Sadly with FFG pulling the plug on Netrunner, the future of the game looked bleak. However the community pulled together resulting in Project NISEI, filled with folks eager to keep Netrunner chugging along. They’ve done a wonderful job trying to promote competitive play and tinker with deck construction formats like a new core set pool and MWLs. They even were able to get a new expansion pack out which has been pretty phenomenal as fan-made creation. So for existing players of Netrunner I think you’re covered as Nisei looks to keep the love of the game alive. Yet I wonder a year from now, when available core sets evaporate what will happen to the player base as a whole.
The community of Netrunner is going to contract. Period. FFG is no longer producing it and people are going to move on to other games. Nisei will be doing a lot to keep fans engaged, playing, and even expanding their collections. That’s great and I am sure it will stem the hemorrhaging of Netrunner players some, but I’m hoping more will be done to help grow the game too.
The elephant in the room is that cards aren’t being produced any more. Players will have to work on using proxies. Some folks have offered tools to help that which is great. But the effort to go in to making two 46-50 card decks (including IDs) is daunting and likely so much effort that new players won’t even bother. Not a lawyer, but gut check is third party print sites are treading light copyright ground with printing old FFG design cards. So could Nisei work on having an alternative set of cards to help new players get into the game?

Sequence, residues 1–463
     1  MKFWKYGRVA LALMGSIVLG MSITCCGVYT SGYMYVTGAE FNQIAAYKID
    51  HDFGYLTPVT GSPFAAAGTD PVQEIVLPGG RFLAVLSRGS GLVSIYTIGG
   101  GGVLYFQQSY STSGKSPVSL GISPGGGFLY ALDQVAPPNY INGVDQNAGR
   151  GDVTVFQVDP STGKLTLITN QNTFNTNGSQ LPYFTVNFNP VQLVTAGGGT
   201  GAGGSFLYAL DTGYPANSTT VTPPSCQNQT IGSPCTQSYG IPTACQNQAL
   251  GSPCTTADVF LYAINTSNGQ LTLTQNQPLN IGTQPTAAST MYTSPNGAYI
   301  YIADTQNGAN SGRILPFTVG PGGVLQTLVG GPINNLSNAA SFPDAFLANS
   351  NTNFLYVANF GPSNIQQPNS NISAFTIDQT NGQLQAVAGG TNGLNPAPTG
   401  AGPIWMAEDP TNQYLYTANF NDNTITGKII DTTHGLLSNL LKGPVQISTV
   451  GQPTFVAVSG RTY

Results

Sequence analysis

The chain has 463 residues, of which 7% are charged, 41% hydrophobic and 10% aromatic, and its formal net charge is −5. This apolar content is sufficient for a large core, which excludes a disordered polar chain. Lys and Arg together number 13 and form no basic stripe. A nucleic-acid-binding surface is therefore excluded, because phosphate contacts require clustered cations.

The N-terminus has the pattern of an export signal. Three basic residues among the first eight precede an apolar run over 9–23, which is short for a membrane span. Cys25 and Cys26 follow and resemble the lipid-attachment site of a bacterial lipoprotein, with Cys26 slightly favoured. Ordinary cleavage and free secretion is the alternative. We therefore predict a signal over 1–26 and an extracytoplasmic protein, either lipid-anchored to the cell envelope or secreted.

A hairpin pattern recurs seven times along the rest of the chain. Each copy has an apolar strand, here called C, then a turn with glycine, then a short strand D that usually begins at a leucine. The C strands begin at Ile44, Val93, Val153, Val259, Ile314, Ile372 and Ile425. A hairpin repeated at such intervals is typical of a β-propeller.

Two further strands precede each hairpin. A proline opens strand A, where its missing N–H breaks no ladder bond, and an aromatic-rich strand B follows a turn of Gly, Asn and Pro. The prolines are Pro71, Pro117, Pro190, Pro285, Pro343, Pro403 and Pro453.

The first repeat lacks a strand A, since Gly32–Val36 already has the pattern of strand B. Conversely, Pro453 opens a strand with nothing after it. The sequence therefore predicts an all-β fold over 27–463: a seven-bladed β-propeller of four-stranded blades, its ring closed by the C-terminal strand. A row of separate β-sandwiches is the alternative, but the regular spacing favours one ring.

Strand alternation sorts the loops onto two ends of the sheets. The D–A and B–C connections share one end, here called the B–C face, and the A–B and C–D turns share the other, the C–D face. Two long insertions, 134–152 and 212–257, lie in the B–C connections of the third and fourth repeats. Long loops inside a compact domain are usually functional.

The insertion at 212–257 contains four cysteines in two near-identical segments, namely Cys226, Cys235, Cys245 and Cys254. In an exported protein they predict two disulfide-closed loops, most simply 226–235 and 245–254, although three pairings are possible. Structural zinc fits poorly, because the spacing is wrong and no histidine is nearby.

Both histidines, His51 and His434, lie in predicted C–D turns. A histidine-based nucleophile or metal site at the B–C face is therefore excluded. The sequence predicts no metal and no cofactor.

Downfall is proof of concept that physical cards can be made and still be able to skirt copyright issues. Something similar could be done for a core set. Creating a full product to replicate the variety of cards similar to that in previous core sets would be daunting though. And options for printing up 240+ cards would be cost prohibitive. So what about altering the product format into smaller chunks, that would still give a new player a foundation of cards to expand from?
A rough concept would be similar to the Netrunner draft packs. New players would buy a base core pack which has bread and butter neutral cards for both the corp and runner, call it a neo-core. Then compliment it buying faction sets, picking and choosing the corp/runner options they want. So a player might opt to purchase an NBN set as their corp of choice and skip getting other corp factions.
One roadblock to this would be not tripping up on FFG’s art, text, and other copyrighted material. With Downfall they were able to alter the icons and layout enough to pass legal muster. However working with a new set of core cards, it might be more prudent to replicate card abilities but have different art and card names. That Sure Gamble could instead be ‘A sure bet’ using different art. Deck construction rules would also have to altered to limit these in order to prevent a player from stacking 6 cards with the same ability. Even though these are different cards, essentially they would work as copies of other existing FFG ones.
The other hurdle to overcome would be to boil down the variety of cards to an essential minimum. It would be folly to try and replicate the variety of cards in existing core sets. Instead pruned sets for each faction could be pursued. You’d need about 14 different cards to make up the neutral corp and runner core base, with 3 copies of each. Then you’d need around 10-11 different cards for each faction (again going with the idea of 3 copies of each card). That’s a lot of art and alternate text to work up. No two ways about it, designing core packs would be a huge task to undertake.